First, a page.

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Family Based Green Cards
K1 & F1 Visa Support

Immigrant Family-Based First, Second, Third, and Fourth Preferences

F1 Visa, F2 Visa, F3 Visa, and F4 Visa


People who have immediate family members who are either US citizens or holders of green cards are eligible for family-based visas. Husbands and wives of American citizens, children of Americans under the age of 21, and parents of American citizens above the age of 21 are considered immediate family members. There are four options and different immigration petition criteria based on the relationship.
  • First preference (F1 Visa) is given to the unmarried children of American citizens;
  • Second preference A (F2A Visa) spouses and young children of permanent residents are eligible;
  • Second preference B (F2B Visa) is given to unmarried offspring of citizens with permanent residences;
  • Third preference (F3 Visa) is given to married offspring of citizens of the United States; and
  • Fourth preference (F4 Visa) is given to siblings who are American citizens.

Depending on what category the petition falls under, processing timelines will change.

Furthermore, depending on the type of petition, criteria could change slightly.

To obtain this form of visa, the beneficiary or applicant must be a U.S. citizen or holder of a green card.

Requirements and/or Materials for Family Based Green Cards:

    • family happy about getting green cardTo start the procedure, USCIS will need a variety of papers. These documents should include:
    • Evidence that the family member supporting the foreign relative is, in fact, a citizen of the United States or holds a green card and has a registered, active address within the United States;
    • Evidence that the US citizen or lawful permanent resident can financially support the application;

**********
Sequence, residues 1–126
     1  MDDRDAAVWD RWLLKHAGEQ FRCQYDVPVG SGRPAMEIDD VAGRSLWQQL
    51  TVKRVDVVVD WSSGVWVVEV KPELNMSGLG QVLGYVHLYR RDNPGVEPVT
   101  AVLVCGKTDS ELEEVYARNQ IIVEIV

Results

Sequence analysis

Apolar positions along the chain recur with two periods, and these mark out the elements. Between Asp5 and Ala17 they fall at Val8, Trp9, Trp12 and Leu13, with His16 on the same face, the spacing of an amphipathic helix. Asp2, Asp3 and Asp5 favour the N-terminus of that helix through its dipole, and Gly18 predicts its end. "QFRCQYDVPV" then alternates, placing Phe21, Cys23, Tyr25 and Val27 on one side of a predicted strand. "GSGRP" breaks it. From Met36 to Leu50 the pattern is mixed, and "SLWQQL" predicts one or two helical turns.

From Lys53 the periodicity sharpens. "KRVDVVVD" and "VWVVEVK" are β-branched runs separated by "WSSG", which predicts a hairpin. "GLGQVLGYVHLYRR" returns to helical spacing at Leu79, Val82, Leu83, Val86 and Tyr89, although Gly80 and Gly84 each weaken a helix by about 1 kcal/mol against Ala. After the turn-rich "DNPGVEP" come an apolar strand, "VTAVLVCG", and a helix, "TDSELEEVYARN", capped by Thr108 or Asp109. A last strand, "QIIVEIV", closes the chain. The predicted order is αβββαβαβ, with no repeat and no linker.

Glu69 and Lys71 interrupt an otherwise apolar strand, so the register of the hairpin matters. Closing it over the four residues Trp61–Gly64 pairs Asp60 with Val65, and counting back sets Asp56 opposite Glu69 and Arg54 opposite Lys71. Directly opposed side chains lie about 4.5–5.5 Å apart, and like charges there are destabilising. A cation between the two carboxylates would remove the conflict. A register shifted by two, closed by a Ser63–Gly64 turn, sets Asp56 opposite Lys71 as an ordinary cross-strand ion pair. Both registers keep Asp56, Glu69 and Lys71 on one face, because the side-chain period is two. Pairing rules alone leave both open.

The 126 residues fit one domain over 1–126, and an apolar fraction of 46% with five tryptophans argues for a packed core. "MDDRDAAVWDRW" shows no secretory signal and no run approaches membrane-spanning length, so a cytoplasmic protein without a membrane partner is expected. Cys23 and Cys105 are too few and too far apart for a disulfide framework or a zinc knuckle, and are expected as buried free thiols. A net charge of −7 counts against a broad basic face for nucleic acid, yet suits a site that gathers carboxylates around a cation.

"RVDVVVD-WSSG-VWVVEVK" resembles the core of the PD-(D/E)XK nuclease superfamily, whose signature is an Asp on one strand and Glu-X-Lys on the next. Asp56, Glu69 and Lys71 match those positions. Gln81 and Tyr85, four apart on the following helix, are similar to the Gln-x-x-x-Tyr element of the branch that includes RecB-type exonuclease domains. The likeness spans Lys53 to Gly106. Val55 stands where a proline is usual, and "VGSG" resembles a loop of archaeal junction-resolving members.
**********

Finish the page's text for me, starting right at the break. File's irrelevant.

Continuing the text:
• Evidence of a legal connection between the applicant and a citizen or holder of a green card in the United States;
    • Evidence demonstrating the applicant’s moral standing in both the United States and the nation in which they currently live.


The Permanent Residence card itself must be renewed before its 10-year expiration date. The status of a Permanent Resident, however, is indefinite.
A conditional permanent resident card may be issued, indicating that it expires after two years and the bearer of a green card must apply to USCIS to have the restrictions on their status lifted. This depends on the category under which the petition was submitted. Their permanent residence card will thereafter be valid for another ten years.

Family Members

An authorized I-140 petition’s derivative beneficiaries include spouses and children under the age of 21.


Direct processing of Family-Based Green Cards is handled by USCIS. Priority dates apply to I-140 forms. After the I-140 petition is approved, the petitioner has the option of changing their status domestically or by undergoing consular procedures abroad.

Visas for fiancée or spouse

To get married, U.S. citizens are permitted to bring their overseas fiancées to the country. To do this, the American citizen applies for the fiancée’s K1 nonimmigrant visa.

You and your fiancée must intend to wed within 90 days of the foreign fiancée entering the country to qualify for a K1 visa. The foreign fiancée is eligible to seek legal permanent residence status in the US after the wedding.

Unless you are eligible for a religious or cultural exemption, you and your fiancé must have met once in the two years before the petition was submitted.

A K1 visa holder may immediately apply for work authorization after being admitted to the country.

Unmarried children under the age of 21 who belong to the fiancée may qualify for a K2 nonimmigrant visa. A K2 visa holder may submit a green card application.

Keep in mind that every instance is different. Please make an appointment with one of our immigration lawyers to determine if you are eligible for this visa — fill out the Book an Appointment form.

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